It's first class in here, comrade: Once he had a fleet of Zils, but these days Mikhail Gorbachev is happy to travel by BR. Michael Fathers sat next to him

IT WASN'T quite the Finland Station, though the man who alighted from the train at Bristol Parkway is believed to have changed the world just as decisively as the waxen corpse which is now about to lose its place of honour on Red Square.

There seems to be a special link between the railways and Russian Communist leaders, and one certainly felt it on the 10.00 train from Paddington to Swansea on Friday morning. In this case, though, it seemed that Mikhail Gorbachev was going away from, rather than towards, his destiny, unless receiving an honorary law doctorate from Bristol University counted as a step in the march of history.

It is fashionable to knock Mr Gorbachev. He has nothing fresh to say, he has had his time, he did his bit, now make way for the next one. He certainly doesn't like Boris Yeltsin, the man who replaced him as president. He told our captains of industry at a CBI breakfast in London on Wednesday that the Kremlin's latest occupant led a bunch of neo-Bolsheviks.

Gorby's answer, if you can stay awake through his windy public speeches that take you across the 'current politico- economic-sociological-environmentalist landscape' is a new dawn at the bottom of the Big Rock Candy Mountain. You won't necessarily find lemonade trees there but you'll certainly come across Baroness Thatcher.

Over dinner at the Guildhall, after a bad day with Presiley Baxendale QC at the Scott Inquiry, the baroness was two seats from the man she told us she could do business with, cheering him on. It was only the interpreter between them that stopped them getting closer.

So what is there between them? Lady Thatcher, if I remember correctly, once said it was chemistry. On the Swansea train, Mr Gorbachev was rather more specific. He said they were attracted by each other's glasnost. He made it sound rather hormonal.

'I regarded her - I still do - as a very important person with great credibility and authority,' he said. 'The motivation behind this relationship, however, was that Great Britain is an important country. When we began to work together we found there was one thing we had in common - our candour and frankness. Despite our differences we respected each other's views. Of course sometimes we had some very sharp exchanges, and I will be discussing these in my book.'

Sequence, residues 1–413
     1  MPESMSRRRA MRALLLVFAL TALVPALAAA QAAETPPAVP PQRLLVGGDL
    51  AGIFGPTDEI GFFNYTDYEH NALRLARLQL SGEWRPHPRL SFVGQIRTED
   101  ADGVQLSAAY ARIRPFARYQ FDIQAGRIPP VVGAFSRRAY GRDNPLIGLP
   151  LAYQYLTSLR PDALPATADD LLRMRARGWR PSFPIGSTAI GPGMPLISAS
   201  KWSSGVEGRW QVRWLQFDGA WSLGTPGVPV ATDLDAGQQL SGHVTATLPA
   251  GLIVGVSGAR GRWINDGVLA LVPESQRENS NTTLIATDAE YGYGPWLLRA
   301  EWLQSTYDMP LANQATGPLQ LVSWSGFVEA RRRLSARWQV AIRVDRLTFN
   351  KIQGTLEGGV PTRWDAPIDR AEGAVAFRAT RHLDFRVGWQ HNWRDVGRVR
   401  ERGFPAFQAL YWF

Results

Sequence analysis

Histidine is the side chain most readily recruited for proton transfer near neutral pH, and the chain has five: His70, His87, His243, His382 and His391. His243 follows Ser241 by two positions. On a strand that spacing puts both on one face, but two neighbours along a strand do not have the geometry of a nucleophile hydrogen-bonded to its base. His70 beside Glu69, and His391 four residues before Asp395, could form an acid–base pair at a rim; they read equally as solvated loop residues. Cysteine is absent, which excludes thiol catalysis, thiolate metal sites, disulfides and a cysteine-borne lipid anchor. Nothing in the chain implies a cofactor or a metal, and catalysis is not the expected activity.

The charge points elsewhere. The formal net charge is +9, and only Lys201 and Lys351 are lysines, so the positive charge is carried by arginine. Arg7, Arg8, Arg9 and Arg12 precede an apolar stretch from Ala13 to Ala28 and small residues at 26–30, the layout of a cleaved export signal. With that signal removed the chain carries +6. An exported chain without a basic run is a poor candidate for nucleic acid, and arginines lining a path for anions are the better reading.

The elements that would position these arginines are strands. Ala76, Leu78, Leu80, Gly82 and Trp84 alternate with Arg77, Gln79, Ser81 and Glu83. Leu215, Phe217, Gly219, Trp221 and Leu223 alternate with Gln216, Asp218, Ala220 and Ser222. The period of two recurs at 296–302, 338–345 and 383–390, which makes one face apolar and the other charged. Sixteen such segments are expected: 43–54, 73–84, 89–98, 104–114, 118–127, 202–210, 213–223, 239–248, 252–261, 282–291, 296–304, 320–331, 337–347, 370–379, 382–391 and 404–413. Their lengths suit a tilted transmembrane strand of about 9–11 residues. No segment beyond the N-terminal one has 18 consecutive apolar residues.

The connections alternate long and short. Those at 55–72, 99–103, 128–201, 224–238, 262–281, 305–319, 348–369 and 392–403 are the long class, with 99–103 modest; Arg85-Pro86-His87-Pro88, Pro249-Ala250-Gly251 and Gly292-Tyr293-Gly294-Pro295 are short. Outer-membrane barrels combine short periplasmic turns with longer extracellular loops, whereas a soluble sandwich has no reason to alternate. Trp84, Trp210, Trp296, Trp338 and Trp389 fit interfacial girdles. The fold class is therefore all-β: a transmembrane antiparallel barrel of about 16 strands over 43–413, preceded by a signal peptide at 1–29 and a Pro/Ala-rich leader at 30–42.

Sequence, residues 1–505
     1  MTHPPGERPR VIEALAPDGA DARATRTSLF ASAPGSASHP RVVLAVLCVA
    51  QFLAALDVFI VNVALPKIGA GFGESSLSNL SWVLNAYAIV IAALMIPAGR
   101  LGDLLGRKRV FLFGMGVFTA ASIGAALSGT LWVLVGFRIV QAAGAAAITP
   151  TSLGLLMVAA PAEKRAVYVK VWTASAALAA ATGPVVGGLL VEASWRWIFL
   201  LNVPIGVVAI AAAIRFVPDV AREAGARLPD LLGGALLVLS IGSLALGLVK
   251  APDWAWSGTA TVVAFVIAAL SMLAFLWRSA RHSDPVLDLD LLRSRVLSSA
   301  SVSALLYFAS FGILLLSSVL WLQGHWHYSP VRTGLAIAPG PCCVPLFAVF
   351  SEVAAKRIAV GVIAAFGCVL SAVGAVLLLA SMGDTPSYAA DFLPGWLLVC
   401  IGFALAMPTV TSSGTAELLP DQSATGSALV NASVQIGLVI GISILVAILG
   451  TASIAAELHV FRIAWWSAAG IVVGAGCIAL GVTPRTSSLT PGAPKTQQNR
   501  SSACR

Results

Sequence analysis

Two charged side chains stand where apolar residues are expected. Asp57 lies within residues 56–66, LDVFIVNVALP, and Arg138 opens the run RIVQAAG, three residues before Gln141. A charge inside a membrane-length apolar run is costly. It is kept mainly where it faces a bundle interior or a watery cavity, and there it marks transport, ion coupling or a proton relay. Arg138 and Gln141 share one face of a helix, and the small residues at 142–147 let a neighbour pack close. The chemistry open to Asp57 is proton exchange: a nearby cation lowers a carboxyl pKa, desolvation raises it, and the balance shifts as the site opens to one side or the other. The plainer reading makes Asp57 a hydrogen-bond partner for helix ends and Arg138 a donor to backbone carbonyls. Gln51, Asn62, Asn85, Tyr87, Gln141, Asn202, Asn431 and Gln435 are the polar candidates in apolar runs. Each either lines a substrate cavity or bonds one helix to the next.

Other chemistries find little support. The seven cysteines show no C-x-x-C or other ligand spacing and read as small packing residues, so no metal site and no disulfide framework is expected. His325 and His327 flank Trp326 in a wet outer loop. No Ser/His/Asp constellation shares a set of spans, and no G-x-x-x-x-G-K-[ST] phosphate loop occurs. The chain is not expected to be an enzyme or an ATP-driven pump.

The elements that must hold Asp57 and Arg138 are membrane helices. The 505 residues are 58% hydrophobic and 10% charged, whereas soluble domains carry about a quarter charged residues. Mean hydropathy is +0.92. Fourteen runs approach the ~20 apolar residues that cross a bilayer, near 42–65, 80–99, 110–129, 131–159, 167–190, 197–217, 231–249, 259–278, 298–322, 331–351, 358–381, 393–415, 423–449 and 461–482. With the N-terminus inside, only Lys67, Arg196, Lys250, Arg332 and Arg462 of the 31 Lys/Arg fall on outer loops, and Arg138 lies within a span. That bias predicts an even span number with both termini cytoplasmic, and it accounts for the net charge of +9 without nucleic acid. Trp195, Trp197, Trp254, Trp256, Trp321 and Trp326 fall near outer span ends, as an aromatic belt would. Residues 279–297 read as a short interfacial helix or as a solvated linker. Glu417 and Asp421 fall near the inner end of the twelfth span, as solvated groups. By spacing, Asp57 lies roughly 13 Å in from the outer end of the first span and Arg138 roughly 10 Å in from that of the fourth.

Whenever you get down to the nitty-gritty with Mr Gorbachev, you run into his memoirs. When you ask him what he would have done differently, the book is thrown at you. Did he have any regrets? Same again. Perhaps when you are on a pension of 54 pence a week, you need to hold something back to try to improve your financial position. Someone had clearly told him about the pounds 3.5m Lady Thatcher had got for her memoirs.

Mr Gorbachev doesn't like to talk about money. Jon Smith, the impresario who organised this, his first British lecture tour as Citizen Gorbachev, said he had been sworn to secrecy. He had promised not to reveal the fee he paid to the Gorbachev Foundation for economic, political and medical research. A figure being bandied around was pounds 200,000. 'Let's just say it's much smaller than you would think,' Mr Smith said.

Away from a public platform, Gorby is an immensely likeable man. The jargon falls away, he stops pontificating, he enjoys a joke, he teases. He likes sharing experiences. Raisa, his wife, joins in from time to time to add detail to some anecdote.